Picosecond or Q-switched laser?

A study of brown and black ink eyebrow-tattoo removal using laser in four patients presented several advantages to using picosecond over Q-switched laser for effective removal.

Each patient – with skin types III-IV and one of whom had eyebrow tattooing using the microblading method – underwent a mixed number of treatments with a dual-wavelength picosecond Nd:YAG laser at 1,064nm with a 3mm spot size and fluence of 4–4.6 J/cm2. A perfluorodecalin‐infused patch was also used.

The process
Three of the four patients had one treatment each – one of whom was treated with a 532nm wavelength with a 4mm spot size and fluence of 0.5J/cm2  – while the remaining patient had three treatments spaced six to eight weeks apart.  Immediately following each treatment only mild and transient localised erythema and edema was observed, with some epidermal crusting observed for three to five days post-laser.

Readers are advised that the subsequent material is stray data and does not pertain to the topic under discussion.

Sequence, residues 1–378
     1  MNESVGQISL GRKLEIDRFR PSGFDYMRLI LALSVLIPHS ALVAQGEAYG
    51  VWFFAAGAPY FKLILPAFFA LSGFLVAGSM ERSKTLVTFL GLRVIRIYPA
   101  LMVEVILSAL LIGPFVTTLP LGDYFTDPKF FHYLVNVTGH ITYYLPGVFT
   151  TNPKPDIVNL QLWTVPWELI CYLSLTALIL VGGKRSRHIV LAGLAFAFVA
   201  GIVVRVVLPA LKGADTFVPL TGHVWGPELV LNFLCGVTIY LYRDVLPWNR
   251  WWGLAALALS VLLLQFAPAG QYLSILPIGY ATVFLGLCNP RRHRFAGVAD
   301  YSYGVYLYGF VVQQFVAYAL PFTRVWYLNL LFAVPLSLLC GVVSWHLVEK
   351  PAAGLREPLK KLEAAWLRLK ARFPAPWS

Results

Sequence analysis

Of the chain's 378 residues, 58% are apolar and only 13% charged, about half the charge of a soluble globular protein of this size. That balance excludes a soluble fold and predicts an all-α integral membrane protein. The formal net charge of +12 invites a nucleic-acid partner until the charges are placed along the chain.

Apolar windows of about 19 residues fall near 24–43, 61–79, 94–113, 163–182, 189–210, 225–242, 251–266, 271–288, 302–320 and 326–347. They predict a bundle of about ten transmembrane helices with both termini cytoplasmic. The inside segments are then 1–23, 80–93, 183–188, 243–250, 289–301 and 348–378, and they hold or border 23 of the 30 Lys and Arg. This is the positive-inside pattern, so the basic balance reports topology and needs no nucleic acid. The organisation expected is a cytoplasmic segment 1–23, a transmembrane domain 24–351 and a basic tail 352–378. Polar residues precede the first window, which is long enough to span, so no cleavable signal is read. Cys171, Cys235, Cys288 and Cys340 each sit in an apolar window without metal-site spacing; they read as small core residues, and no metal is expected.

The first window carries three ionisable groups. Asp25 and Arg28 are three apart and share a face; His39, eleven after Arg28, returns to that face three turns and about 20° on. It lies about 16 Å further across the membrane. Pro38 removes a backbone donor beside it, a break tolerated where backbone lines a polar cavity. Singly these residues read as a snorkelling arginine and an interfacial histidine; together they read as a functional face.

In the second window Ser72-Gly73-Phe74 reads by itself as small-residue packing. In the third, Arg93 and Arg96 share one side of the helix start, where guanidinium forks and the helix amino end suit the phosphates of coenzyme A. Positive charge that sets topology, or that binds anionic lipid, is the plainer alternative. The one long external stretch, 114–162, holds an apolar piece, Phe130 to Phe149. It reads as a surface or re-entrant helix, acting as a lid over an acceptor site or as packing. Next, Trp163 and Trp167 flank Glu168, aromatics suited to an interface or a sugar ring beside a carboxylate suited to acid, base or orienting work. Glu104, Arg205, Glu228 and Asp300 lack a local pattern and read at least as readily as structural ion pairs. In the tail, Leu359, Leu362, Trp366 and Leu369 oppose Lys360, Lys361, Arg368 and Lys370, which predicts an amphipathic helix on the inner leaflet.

The findings
The study’s authors reported no adverse effects to the patients’ eyebrow hair growth. Patient 1 had 75% clearance after three treatments over two-and-a-half months, patient 2 also showed 75% clearance, patient 3 had 90% clearance and 100% clearance was observed in patient 4.

The study’s authors concluded that the method used provides several advantages to Q-switched laser when treating eyebrow tattoos, namely that is requires less treatments and lower fluences. When used with the perfluorodecalin‐infused patch, they said treatment resulted in excellent outcomes with no significant side effects.

The study was published in Lasers in Surgery and Medicine. 

Source: Aesthetic Medicine UK

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